Whilst I have found some of Atwood’s work a little hit and miss in the past, I was very much looking forward to engrossing myself in this, an incredibly appealing-sounding historical novel. Of all her works, the thread of story within Alias Grace is the one which captured my attention the most.
Alias Grace was shortlisted for both the Man Booker Prize and the Orange Prize, and was the recipient of the Canadian Giller Prize. The novel has received wondrous acclaim from reviewers since its publication in 1996. It centres around the true story of Grace Marks, a servant who was arrested for her ‘cold-blooded’ part in two notorious murders in July 1843, at the age of sixteen. Thomas Kinnear, a wealthy farmer in Ontario, and his housekeeper-cum-mistress, Nancy Montgomery, were shot and strangled respectively. Grace’s co-worker and accomplice, a twenty-year-old stable hand named James McDermott, was hung for his part in proceedings. Grace, on account of her sex and young age, was committed to an asylum in Kingston, Ontario, where she remained for thirty years.
Atwood is masterful at using a variety of different techniques to set the scene throughout. As well as the story told in Grace’s own words – or, at least, Atwood’s imagining of them – we also have a narrative based upon a fictional doctor named Simon Jordan, who is researching Grace’s case. Materials such as newspaper articles and poems have also been used to further shape the historical context.
Alias Grace is beautifully written. Grace’s voice particularly has been incredibly tautly crafted, and Atwood’s portrayal of her feels realistic from the very beginning: ‘Sometimes at night I whisper it over to myself: murderess, murderess. It rustles, like a taffeta skirt across the floor. Murderer is merely brutal. It’s like a hammer, a lump of metal. I would rather be a murderess than a murderer, if those are the only choices’. Grace is a captivating protagonist; although we know from the first what she has been convicted of, an awful lot of sympathy is soon created for her on behalf of the reader. Atwood is empathetic towards her young character, and makes her come to life once more upon the page.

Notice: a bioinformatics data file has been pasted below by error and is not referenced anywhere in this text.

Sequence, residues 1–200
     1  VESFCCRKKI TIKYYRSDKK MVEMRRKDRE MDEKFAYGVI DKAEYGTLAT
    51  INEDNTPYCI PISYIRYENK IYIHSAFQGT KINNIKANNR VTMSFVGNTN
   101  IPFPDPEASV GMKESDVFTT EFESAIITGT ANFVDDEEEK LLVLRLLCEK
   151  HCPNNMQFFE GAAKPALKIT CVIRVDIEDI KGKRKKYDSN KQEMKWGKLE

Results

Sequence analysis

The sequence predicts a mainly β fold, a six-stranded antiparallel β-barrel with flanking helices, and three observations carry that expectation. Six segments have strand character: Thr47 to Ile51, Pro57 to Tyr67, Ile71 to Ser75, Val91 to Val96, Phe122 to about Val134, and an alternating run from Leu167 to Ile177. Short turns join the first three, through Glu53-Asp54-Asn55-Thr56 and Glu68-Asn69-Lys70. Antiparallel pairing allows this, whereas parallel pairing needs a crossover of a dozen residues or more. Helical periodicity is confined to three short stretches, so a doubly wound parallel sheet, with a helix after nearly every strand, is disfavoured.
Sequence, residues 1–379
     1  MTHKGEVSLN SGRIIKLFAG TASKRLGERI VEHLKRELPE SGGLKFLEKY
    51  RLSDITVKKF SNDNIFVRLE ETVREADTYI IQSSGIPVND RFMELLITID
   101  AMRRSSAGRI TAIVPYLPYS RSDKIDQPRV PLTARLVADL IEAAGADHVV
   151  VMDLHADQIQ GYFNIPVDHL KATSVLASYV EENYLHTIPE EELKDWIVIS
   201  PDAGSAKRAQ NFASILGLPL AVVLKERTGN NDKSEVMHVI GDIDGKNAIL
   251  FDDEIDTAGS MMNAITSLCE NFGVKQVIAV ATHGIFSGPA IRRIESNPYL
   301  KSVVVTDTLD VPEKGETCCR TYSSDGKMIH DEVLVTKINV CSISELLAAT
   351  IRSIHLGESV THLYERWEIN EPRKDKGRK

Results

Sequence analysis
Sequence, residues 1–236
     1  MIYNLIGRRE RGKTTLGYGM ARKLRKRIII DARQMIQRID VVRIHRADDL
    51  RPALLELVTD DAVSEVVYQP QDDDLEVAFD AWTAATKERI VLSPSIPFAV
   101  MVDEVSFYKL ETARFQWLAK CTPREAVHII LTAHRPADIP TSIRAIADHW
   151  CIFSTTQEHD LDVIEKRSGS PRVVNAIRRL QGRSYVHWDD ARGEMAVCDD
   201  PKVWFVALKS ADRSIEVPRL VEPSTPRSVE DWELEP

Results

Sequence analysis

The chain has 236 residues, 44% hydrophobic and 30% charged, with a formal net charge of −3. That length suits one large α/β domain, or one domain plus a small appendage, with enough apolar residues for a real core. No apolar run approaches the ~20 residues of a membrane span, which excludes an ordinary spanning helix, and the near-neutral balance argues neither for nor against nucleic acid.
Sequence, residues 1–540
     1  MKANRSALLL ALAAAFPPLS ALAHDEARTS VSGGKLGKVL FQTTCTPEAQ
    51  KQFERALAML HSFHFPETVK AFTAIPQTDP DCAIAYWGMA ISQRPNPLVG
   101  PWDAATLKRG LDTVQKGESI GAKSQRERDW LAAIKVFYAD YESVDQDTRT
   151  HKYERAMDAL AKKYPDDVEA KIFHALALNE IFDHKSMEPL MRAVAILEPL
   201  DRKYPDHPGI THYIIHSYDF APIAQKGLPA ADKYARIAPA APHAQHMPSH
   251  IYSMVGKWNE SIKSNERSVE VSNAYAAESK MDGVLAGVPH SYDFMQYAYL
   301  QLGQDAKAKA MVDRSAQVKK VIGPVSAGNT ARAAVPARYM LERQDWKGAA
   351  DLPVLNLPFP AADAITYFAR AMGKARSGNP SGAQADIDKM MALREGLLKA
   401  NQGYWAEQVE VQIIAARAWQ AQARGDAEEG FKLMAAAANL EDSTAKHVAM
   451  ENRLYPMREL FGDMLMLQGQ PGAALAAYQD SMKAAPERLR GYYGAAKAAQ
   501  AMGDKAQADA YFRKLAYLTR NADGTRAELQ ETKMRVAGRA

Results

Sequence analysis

Whilst I didn’t adore Alias Grace, it is certainly an incredibly well-crafted – and even quite moving – novel, and it is my favourite of Atwood’s books to date. I particularly admired the way in which she tied so many historical elements together – the use of historical quilt designs and foodstuffs, for example. Alias Grace, despite its length, is a gripping and fast-moving novel, which is sure to appeal to any reader with an interest in crime or general historical fiction.